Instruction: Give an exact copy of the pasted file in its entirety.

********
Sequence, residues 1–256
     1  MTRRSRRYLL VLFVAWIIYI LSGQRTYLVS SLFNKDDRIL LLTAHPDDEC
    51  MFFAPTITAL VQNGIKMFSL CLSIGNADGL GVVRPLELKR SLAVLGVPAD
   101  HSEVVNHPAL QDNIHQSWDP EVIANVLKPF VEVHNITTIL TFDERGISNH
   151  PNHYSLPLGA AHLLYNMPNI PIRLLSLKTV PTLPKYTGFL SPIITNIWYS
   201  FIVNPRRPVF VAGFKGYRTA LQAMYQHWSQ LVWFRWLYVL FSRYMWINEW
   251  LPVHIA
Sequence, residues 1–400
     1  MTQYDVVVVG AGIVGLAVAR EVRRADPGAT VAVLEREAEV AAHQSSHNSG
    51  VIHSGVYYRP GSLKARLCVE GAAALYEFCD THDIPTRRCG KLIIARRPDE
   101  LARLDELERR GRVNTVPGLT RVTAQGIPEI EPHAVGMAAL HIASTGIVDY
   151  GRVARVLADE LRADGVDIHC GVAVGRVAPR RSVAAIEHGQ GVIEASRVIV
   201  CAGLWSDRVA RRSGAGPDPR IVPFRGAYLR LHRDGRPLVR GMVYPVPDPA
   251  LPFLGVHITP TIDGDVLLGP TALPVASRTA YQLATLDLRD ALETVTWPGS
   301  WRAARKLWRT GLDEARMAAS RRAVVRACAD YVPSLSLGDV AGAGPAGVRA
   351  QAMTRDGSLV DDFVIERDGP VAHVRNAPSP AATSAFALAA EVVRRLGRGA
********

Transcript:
Sequence, residues 1–256
     1  MTRRSRRYLL VLFVAWIIYI LSGQRTYLVS SLFNKDDRIL LLTAHPDDEC
    51  MFFAPTITAL VQNGIKMFSL CLSIGNADGL GVVRPLELKR SLAVLGVPAD
   101  HSEVVNHPAL QDNIHQSWDP EVIANVLKPF VEVHNITTIL TFDERGISNH
   151  PNHYSLPLGA AHLLYNMPNI PIRLLSLKTV PTLPKYTGFL SPIITNIWYS
   201  FIVNPRRPVF VAGFKGYRTA LQAMYQHWSQ LVWFRWLYVL FSRYMWINEW
   251  LPVHIA
Sequence, residues 1–400
     1  MTQYDVVVVG AGIVGLAVAR EVRRADPGAT VAVLEREAEV AAHQSSHNSG
    51  VIHSGVYYRP GSLKARLCVE GAAALYEFCD THDIPTRRCG KLIIARRPDE
   101  LARLDELERR GRVNTVPGLT RVTAQGIPEI EPHAVGMAAL HIASTGIVDY
   151  GRVARVLADE LRADGVDIHC GVAVGRVAPR RSVAAIEHGQ GVIEASRVIV
   201  CAGLWSDRVA RRSGAGPDPR IVPFRGAYLR LHRDGRPLVR GMVYPVPDPA
   251  LPFLGVHITP TIDGDVLLGP TALPVASRTA YQLATLDLRD ALETVTWPGS
   301  WRAARKLWRT GLDEARMAAS RRAVVRACAD YVPSLSLGDV AGAGPAGVRA
   351  QAMTRDGSLV DDFVIERDGP VAHVRNAPSP AATSAFALAA EVVRRLGRGA